• Infant Button Battery Injury and Death (IBBID): Legal Remedies and Options for Redress

    Author(s):
    John Paull (see profile)
    Date:
    2023
    Subject(s):
    Law, Products liability, Pediatrics, Children, Lithium cells, Lithium, Lithium ion batteries, Ingestion disorders in children, Ingestion, Product safety
    Item Type:
    Article
    Permanent URL:
    https://doi.org/10.17613/jmvc-dz56
    Abstract:
    Infant button battery injury and death (IBBID) is a known worldwide risk for pre-school age children. An ingested button battery that lodges in a child’s oesophagus will be fatal for the child if the button battery is not promptly removed. Button batteries of 20 mm diameter (e.g. CR2032) present a serious risk of such lodgement if ingested, they are in common usage (for example in many car key-fobs), and are readily available in supermarkets. Where such a button battery is removed (say by medical intervention) the child may be permanently disabled. It is the diameter of such button batteries (≥20 mm) that leads to lodgement and the electrical charge of such batteries that will cause tissue chemical burn, which, will likely be fatal if the burn creates a fistula (tunnel) through to an organ adjacent to the oesophagus (e.g., a tracheoesophageal fistula joins the windpipe and the gullet). Seven legal options for action are considered in the present paper, with ratings of cost, duration, and potential sources of funding (for the UK): Class action; Representative action; Individual action; Prevention of Future Death Report; Household insurance; Judicial review; and medical negligence. At present injured children ‘suffer in silence’ and some die, but if the harms of IBBID are sufficiently monetised, then it can be anticipated that the dangerous button batteries will price themselves out of the market and manufacturers and suppliers will seek alternatives (e.g. different size, different chemistry, different design).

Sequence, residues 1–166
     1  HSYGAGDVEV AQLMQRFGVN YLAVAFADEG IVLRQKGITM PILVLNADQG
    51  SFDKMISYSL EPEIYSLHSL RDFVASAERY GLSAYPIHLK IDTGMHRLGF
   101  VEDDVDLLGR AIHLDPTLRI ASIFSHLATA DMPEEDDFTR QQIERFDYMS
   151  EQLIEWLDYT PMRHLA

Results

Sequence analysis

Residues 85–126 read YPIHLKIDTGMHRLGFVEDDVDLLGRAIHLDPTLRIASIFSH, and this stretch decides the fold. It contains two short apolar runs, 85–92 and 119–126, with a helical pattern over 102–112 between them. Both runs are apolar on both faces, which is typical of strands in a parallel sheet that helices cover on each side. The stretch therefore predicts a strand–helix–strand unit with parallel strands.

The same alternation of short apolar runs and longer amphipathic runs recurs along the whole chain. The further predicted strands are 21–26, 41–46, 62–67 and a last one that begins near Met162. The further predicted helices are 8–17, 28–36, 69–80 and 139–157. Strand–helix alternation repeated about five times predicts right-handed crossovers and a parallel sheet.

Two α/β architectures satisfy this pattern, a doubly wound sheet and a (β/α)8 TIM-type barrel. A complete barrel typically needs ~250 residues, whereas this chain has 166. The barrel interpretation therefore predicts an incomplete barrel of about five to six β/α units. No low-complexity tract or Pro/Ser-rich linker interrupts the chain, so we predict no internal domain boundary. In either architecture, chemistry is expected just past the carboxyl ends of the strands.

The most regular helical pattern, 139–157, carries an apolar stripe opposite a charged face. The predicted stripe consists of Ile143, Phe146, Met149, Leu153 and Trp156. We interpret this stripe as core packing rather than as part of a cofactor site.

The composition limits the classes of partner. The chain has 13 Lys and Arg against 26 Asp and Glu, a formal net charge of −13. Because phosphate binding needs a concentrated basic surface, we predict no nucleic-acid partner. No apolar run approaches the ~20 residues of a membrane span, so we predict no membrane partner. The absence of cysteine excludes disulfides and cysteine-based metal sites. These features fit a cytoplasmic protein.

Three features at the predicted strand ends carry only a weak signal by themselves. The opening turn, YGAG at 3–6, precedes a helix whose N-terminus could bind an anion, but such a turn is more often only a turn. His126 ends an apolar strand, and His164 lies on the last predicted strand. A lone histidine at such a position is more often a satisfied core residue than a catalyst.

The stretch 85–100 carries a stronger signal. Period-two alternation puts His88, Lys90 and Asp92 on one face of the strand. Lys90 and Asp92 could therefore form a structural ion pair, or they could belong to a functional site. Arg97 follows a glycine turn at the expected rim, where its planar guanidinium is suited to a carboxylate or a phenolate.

Notes:
    Keywords: Coin batteries, CR2032, death, disability, law, Office for Product Safety and Standards, OPSS, paediatric harm, personal injury, product liability, product safety, product standards, UK.
    Metadata:
    Published as:
    Journal article    
    Status:
    Published
    Last Updated:
    6 months ago
    License:
    Attribution

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